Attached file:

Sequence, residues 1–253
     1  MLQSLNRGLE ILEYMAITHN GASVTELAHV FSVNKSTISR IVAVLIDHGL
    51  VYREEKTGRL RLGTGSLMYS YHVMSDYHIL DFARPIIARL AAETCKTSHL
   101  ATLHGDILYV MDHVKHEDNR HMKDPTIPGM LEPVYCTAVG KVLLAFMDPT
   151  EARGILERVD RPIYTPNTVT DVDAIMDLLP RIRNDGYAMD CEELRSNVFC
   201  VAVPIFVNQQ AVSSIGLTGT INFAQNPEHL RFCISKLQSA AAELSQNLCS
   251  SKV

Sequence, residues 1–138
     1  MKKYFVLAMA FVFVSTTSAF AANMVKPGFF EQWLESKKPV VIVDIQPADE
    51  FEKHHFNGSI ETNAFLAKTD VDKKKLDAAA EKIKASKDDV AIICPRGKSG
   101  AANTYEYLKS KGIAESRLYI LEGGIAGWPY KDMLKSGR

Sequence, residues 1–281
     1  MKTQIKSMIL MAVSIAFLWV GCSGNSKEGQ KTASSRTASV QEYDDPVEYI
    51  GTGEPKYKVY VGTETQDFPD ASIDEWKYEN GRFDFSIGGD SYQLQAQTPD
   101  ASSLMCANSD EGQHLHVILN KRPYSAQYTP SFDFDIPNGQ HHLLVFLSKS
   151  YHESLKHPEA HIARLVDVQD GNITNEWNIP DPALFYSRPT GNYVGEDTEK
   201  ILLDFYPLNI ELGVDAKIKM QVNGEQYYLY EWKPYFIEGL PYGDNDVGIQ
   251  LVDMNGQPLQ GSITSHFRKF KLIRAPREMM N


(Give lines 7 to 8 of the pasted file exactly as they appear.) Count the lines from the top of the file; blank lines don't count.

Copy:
   251  SKV

Sequence, residues 1–138